Hugs,
Julie

Julie Lessman said...

Oh, RUTHY, you had me on pumpkin desserts, sweetie, so bring 'em on!!

Hugs,
Julie

Julie Lessman said...

LOL, me too, Ruthy -- Hallmark commercials are almost better than their movies!! ;)

Hugs,
Julie

Julie Lessman said...

BARBARA,

Thanks for coming back, my friend, and glad you got the ms. done. I LOVE gut-wrenching ending as long as they end happy by the last page, but it doesn't sound like this one did???

You said: "How great is it to talk about this stuff and nobody thinks you're one brick shy of a full load?"

LOL ... or in my case, they don't tell you if you are ... ;) See, Barbara, this is only one of the MANY, MANY reasons I love you!! You are so darn real!!

Hugs,
Julie

Julie Lessman said...

Aw, thanks, MEL -- you always have a way of brightening my day, my friend!

OH. MY. GOODNESS, Mel!! You almost never cry reading books??? That totally shocks me because I know you are almost (if not as much) emotional as I am, so I would automatically expect you to be be a weeper during books. But that's okay, because as long as you cry at commercials and short videos, I'll forgive you!

How 'bout movies? Do any of those make you cry? The #1 movie that rips my heart out every single time almost the entire last half is A Walk to Remember. WOW ... I could watch that movie a million times and go through a six-pack of Kleenex doing it!!

Always SO good to see you, Mel!

Hugs and more hugs,
Julie
It's weird though. I cry at movies and LOTS of commercials and short videos I watch on facebook and youtube, I'm talking buckets of tears sometimes, but I almost never cry at books. The exceptions are Little Women and Old Yeller. :-)

Julie Lessman said...

I have to admit, Missy, that I thought this blog would be easy since I am a WCDQ, but it was the hardest blog I've written because it's tough to figure out just why a scene makes me cry in one simple blog.

Hugs,
Julie

Julie Lessman said...

CONNIE SAID: " It's weird to be at a funeral where everyone is in tears and I feel like I should explain that I really did love the person."

LOL ... Connie, you are TOO cute!! I can just see you doing that, and I would do that, too, if I wasn't already balling. ;)

I actually love noncriers because they are a good balance for us weepy types. :)

Hugs,
Julie

Julie Lessman said...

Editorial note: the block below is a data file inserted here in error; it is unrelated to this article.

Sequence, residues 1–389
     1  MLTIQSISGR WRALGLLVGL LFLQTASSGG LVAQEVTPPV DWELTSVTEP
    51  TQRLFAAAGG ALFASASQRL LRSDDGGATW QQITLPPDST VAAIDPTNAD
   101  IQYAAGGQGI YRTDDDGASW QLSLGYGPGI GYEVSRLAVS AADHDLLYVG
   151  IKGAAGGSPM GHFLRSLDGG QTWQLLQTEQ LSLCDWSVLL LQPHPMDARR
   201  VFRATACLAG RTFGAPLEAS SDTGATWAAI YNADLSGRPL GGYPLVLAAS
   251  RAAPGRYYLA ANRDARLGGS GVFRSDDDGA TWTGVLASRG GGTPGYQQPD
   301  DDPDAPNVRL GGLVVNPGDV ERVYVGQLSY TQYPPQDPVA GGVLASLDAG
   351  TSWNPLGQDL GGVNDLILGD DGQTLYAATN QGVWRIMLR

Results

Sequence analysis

PATTI JO, I can hardly believe that YOU have to work at adding emotion to your writing -- doesn't seem possible since you have SO much life and emotion in your personality! I just assumed it would be a breeze to incorporate it in your writing too.

Thank you for your sweet comments, my friend, and yes, Isle of Hope will eventually (emphasis on eventually) be in print, probably by next summer, God willing.

Hugs and more hugs!
Julie

Julie Lessman said...

Gosh, LANI, I would have pegged you for a crier, so I'm glad I am right. LOVE that it's inherited from your preacher father AND that he was emotional too. LOVE emotional men (I'm married to one, although he contains his emotions, where his wife does not!).

Becky DeMarino's debut was wonderful as I recall, so I certainly understand how it brought on the tears.

Hugs and have a great evening as well, my friend!

Julie

Mary Connealy said...

Julie Armageddon is mostly just hilarious. Willis and his oil drilling crew are insane and they do a good job of being total balls of quirks.

Then add the meteor crashing toward earth.

Billy Bob Thornton as a truly dedicated man running things from earth.

Liv Tyler in love with Ben Afflack and her dad Bruce Willis so opposed to their relationship he spends time trying to shoot Ben, with Liv following her shotgun wielding father Bruce Willis/Harry Stamper around the oil rig saying, "Harry, this isn't funny."

Very funny tons of action, powerful ending.

Karen Hadley said...

I love your books. I do like a book that can make me cry. Is that weird? I love the ones that make me laugh too. You have a gift in bringing the two together into a great book. Keeping up with Charity through her rebellious time about done me in but she came through stronger and turns to the Lord!